Drilling the safe, if done correctly, will NOT ruin or damage the safe, and can easily be repaired.   If done incorrectly it may ruin the safe.   If your safe is possibly an antique, then any damage which can not be easily be repaired should NOT be an option.

A professional safe technician should be able to give you a flat fee which includes opening and repairing.   Generally if they are charging an hourly fee, it is because they don't know what they are doing, or how long it will take, or they are simply trying to run up the bill.   The price for a safe like yours should include a mobile service charge, the cost to open and repair, plus any necessary repair parts.   With the exception of the repair parts (which may not be known until the safe is opened) you should know exactly what the cost will be - with no hidden charges.  You should be looking at between $350 to $500 to have your safe opened and repaired (plus parts).    If you have the ability to take your safe to the safe company, you will save the cost of the mobile service.   Also in shop fees may be slightly lower than field rates.

Hope this helps, remember if you have any questions, send them to me BEFORE having the work done.

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Terry V. Andreasen (Andy)


Safe and Vault related Questions; Antique Safe Repair and Restoration; With over 44 years in the Safe & Vault industry, if I can't answer your question I know where to get the answer. Current Project: Restoration of an Ely Norris Cannonball Safe from the early 1900's. Will answer Safe & Vault related questions concerning age, value, restoration, moving, opening & repairing, parts, operation and history. Note: It is not my intention to teach you to open safes or to provide information which may aid in the unlawful opening of a safe. I will not give out drill points or information which I deem inappropriate.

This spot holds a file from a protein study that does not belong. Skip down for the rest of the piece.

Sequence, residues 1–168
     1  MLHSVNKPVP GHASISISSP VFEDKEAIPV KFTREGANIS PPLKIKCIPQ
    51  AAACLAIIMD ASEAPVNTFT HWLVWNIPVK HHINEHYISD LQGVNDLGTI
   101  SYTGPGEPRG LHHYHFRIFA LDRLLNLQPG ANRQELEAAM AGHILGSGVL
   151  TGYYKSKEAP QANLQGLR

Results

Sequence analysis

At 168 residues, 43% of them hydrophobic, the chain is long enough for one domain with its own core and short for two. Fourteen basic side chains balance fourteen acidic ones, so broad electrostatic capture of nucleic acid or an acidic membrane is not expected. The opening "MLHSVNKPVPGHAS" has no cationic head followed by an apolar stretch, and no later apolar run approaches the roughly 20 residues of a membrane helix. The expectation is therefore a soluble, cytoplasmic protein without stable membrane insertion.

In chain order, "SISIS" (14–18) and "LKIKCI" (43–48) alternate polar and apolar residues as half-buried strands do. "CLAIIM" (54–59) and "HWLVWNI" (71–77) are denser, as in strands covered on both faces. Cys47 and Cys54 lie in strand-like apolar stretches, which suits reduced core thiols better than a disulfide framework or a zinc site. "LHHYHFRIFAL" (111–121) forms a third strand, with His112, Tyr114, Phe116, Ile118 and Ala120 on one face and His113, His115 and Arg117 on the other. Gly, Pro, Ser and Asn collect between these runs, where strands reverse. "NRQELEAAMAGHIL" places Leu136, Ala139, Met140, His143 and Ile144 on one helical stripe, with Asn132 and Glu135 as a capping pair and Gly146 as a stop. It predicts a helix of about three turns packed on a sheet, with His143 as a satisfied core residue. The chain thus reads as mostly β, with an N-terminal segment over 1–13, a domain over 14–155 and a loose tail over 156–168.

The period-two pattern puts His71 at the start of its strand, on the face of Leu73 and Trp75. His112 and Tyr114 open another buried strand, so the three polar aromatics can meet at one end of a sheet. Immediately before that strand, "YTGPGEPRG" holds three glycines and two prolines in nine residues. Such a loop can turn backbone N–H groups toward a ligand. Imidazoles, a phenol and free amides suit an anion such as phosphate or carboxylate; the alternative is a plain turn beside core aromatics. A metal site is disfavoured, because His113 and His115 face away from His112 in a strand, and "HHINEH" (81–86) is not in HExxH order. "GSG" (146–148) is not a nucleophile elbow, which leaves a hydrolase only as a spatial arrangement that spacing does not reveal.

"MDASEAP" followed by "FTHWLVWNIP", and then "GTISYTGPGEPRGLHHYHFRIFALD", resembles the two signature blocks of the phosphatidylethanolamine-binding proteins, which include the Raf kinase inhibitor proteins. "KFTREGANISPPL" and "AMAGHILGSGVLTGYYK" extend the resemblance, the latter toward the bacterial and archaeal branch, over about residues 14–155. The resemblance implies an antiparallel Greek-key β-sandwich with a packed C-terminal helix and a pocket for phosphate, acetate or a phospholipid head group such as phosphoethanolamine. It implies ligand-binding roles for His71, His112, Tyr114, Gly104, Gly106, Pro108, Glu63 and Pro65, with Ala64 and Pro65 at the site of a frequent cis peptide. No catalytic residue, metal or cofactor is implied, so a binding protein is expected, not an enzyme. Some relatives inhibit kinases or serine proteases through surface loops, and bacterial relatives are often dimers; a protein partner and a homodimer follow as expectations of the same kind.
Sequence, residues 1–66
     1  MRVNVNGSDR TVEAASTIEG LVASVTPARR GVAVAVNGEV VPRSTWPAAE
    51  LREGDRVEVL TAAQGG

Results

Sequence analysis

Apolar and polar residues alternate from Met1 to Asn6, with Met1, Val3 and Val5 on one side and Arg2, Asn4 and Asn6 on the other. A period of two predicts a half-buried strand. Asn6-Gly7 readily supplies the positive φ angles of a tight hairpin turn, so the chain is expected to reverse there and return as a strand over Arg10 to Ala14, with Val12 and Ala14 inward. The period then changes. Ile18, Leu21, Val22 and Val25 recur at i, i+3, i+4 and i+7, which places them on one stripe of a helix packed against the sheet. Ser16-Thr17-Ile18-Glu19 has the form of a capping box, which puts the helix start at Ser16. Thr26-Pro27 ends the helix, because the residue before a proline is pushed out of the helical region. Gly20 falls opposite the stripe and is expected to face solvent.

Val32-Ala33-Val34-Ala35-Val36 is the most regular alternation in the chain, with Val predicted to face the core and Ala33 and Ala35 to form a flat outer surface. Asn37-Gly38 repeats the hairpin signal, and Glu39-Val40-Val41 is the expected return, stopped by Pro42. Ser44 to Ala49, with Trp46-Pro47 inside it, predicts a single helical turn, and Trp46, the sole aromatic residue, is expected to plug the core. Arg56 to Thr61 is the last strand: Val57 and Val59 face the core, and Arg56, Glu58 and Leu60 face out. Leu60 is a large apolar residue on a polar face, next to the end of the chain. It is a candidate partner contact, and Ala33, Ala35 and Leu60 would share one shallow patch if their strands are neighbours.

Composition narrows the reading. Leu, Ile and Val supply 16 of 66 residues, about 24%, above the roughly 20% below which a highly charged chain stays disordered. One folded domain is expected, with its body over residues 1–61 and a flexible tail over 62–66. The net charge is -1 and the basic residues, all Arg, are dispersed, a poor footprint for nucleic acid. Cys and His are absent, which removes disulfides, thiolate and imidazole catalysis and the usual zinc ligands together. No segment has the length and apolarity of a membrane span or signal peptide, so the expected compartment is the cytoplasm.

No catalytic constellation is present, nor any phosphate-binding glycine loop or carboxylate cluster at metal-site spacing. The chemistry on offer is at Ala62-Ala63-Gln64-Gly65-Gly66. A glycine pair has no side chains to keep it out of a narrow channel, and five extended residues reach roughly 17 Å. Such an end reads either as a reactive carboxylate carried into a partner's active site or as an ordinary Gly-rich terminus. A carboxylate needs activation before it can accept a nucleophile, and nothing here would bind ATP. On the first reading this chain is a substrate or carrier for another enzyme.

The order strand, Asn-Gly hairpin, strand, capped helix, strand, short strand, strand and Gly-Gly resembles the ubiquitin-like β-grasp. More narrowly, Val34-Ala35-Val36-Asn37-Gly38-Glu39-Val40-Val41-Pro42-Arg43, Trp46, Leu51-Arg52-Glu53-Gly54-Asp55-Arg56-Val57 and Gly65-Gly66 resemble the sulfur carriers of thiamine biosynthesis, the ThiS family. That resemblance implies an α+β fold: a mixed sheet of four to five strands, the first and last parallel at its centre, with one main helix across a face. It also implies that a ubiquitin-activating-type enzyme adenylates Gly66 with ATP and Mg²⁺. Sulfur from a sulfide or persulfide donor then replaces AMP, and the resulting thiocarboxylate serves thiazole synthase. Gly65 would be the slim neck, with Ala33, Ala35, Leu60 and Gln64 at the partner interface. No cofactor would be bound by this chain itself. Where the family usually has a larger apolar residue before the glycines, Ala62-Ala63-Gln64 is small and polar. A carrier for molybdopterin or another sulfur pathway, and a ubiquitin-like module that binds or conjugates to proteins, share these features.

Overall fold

44 years in the Safe & Vault Industry. Owner and Service Manager for one of the largest Safe & Vault companies on the West Coast. Graduate of Lockmasters Safe Lock Servicing, Safe lock Manipulation and Safe Deposit Lock Courses. Graduate of Locksmith Institute. Author of "The Coffee Table Guide to Antique Safes". Certified Instructor for the California Locksmith Association teaching Basic and Advanced Lock Servicing, Basic Safe opening and Repairing. Factory Trained by AMSEC, LORD Safes, LeFebure, Mosler, KabaMas, LaGard and Sargent & Greenleaf

Safecrackers International and the National Antique Safe Association Safe & Vault Technicians Association

The Coffee Table Guide to Antique Safes

Graduate of Locksmith Institute 1972 Graduate Lockmasters Safe Lock Servicing 1974 Graduate Lockmasters Safe Lock Manipulation 1975 Graduate Lockmasters Safe Deposit Lock Servicing 1985 Instructor Certified - California Locksmith Association - 1985 Factory trained by AMSEC, MAJOR, STAR, Johnson-Pacific, Kaba-MAS, Allied-Gary, ISM, Lord, Brown Safe, EXL, Mosler, Diebold.

Awards and Honors
2009 - 2015 Listed in AllExperts top 50 Experts. All Experts Categories - Safes & Security Containers, Locksmithing, Antique Safes. Retired US Army Chief Warrant Officer (CW4), with 39 years of total service. With numerous awards from Vietnam, Desert Storm and Operation Iraqi Freedom. US Navy - 1971-1981 US Army Reserve 1984-2013 US Army Retired

Past/Present Clients
US Secret Service, FBI, BATF, Local Law enforcment agencies, Diebold, Hamilton Pacific, Red Hawk Int., Chubb International, Bank of America, Wells Fargo Bank, Mechanics Bank, El Dorado Savings Bank, many Credit unions and smaller banks. McDonalds, Togos, BurgerKing, TacoBell, Carls Jr. FoodMaxx, SaveMart, Lucky's, Albertson's, Raley's, Safeway, NobHill, Bell Markets, PW Markets. Great America, Century Theatres, Cinemark Theatres, UA Cinemas, and many homeowners and small businesses. Provide warranty service for lock and safe manufactures. Service area is Northern California - Fresno to Oregon, including western Nevada